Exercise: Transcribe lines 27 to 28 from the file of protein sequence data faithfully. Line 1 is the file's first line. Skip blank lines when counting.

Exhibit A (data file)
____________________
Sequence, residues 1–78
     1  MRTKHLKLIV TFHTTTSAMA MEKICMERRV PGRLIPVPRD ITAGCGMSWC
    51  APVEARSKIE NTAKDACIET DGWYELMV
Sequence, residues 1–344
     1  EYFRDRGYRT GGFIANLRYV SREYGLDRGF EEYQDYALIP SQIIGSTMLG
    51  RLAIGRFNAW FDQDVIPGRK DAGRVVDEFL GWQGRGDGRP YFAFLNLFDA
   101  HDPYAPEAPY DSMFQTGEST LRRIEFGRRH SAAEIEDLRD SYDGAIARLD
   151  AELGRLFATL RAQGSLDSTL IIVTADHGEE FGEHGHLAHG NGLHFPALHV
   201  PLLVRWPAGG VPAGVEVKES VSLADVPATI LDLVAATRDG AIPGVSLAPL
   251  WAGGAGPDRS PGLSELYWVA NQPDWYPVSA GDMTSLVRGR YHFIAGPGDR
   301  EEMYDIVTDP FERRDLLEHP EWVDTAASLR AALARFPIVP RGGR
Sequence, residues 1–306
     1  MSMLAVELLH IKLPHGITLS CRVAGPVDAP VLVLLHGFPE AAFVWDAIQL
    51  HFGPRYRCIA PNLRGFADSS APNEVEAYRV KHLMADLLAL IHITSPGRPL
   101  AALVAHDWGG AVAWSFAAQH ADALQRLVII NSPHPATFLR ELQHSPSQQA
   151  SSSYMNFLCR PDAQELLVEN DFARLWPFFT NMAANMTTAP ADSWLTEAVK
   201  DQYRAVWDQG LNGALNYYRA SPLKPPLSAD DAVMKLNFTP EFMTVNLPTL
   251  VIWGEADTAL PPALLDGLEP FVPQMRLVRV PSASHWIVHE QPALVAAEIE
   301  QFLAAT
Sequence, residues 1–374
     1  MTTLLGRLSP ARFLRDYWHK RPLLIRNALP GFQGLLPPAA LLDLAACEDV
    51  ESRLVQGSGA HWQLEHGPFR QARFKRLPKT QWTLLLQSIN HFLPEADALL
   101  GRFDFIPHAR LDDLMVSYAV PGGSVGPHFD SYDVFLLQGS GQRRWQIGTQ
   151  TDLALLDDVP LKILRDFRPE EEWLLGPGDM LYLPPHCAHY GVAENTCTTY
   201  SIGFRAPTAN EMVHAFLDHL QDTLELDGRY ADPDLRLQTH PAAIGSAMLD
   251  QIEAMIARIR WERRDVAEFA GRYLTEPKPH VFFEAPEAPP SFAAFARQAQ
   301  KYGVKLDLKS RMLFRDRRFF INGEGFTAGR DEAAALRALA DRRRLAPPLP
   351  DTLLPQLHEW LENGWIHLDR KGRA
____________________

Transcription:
   301  KYGVKLDLKS RMLFRDRRFF INGEGFTAGR DEAAALRALA DRRRLAPPLP
   351  DTLLPQLHEW LENGWIHLDR KGRA